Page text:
|Apple CEO Tim Cook says tech innovation is moving from PCs to tablets and smartphones. Slowly, magazine publishing is following. Speaking at a recent conference, Cook said there's a "sea change" taking place in the PC industry as development shifts from PCs to mobile devices. "But we're in the early innings of this game," he added.
Not too early for magazine publishers to start shifting resources toward their tablet strategies. A new study from NPD Group found that more than one-third of consumers are transitioning some of their content consumption from PCs to tablets and smartphones. Combine consumption and engagement trends with rapidly growing tablet sales - Apple shipped 23 million tablets in the fourth quarter alone, and lower-priced, 7-inch tablets are rapidly gaining share while creating a mass market - and the stage is set for a significant uptick in sales of digital content, including magazines.
Last week's magazine circulation report from the Alliance for Audited Media shows the gains digital editions are making - but also the untapped opportunity. Digital replica editions among the titles reporting to the AAM more than doubled over the second half of 2012 from a year earlier, accounting for nearly 8 million digital replicas. That number is still just 2.4 per cent of total circulation, however. And just 65 per cent of magazines in the AAM report reported digital circulation; several large titles did not, including Better Homes and Gardens, Barron's, AARP, TV Guide, and Time Inc's major titles such as Time, Sports Illustrated and Southern Living. This suggests even higher sales of digital editions.
Innovation from upstarts
While digital replicas have allowed publishers to quickly establish a presence on the iPad and other tablets, much of the design innovation with tablet magazines is occurring among digital-only publishers that are unconstrained by legacy print conventions. These digital-only publishers are offering compelling tablet experiences, leveraging interactivity and other enhancements without abandoning traditional layout and navigation principles.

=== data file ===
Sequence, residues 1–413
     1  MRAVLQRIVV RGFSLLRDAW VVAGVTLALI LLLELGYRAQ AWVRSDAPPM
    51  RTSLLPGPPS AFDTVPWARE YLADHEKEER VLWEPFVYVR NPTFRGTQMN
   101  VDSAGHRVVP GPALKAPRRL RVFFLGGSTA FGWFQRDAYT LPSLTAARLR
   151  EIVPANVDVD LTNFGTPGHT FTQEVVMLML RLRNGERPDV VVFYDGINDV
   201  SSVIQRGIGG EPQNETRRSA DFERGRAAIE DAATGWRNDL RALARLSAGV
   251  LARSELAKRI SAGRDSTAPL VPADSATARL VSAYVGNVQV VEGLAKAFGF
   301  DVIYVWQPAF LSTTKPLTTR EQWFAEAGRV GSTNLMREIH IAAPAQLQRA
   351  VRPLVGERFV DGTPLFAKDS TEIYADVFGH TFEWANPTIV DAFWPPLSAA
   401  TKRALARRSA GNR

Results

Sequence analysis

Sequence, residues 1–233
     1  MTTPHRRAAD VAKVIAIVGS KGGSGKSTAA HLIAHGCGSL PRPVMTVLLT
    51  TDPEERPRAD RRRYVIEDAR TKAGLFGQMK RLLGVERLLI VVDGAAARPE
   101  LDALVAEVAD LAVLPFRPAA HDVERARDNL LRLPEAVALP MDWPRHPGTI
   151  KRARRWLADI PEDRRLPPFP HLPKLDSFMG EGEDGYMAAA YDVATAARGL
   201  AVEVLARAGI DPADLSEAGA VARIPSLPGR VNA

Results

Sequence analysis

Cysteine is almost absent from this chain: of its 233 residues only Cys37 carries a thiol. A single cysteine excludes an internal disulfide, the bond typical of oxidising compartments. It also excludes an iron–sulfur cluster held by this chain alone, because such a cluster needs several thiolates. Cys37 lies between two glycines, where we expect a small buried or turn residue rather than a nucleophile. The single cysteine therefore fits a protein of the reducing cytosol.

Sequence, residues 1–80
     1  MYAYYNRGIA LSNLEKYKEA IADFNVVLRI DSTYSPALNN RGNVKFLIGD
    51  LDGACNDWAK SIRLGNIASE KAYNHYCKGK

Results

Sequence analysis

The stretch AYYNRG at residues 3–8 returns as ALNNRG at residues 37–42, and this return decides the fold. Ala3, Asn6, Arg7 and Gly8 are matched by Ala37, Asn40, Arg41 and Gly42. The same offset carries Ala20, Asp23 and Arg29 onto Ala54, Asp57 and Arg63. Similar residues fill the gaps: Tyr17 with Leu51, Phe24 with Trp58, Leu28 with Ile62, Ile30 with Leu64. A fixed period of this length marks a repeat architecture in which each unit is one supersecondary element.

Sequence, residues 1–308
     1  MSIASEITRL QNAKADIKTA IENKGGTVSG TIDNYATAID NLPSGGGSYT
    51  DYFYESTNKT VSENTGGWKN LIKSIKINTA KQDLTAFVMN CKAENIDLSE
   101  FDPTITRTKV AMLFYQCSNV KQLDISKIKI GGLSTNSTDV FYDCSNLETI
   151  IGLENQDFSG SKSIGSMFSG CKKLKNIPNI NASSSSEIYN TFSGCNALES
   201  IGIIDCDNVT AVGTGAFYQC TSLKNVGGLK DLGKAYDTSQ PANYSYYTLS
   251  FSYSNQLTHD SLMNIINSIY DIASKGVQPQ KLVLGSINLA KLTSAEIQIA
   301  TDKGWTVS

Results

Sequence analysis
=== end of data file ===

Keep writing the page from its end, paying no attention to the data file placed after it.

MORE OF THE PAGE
Consider the latest title from Future Publishing, a weekly called Football Week that covers the UK's English Premier soccer league. Launched earlier this month, the iPad publication includes several innovative design elements while preserving what Mike Goldsmith, editor in chief of Future's digital editions, called its "magazineyness."
Football Week features a customizable cover (based on a reader's favorite team), data-driven statistics and standings, and live updates from league games. The navigation is clean throughout and more intuitive than many digital replicas I've seen.
Future is also getting creative with advertisers: One section of the magazine, sponsored by EA Sports, promotes EA's FIFA 13 video game, and an interactive game called "Extra Time" prompts readers to enter an EA-sponsored weekly sweepstakes.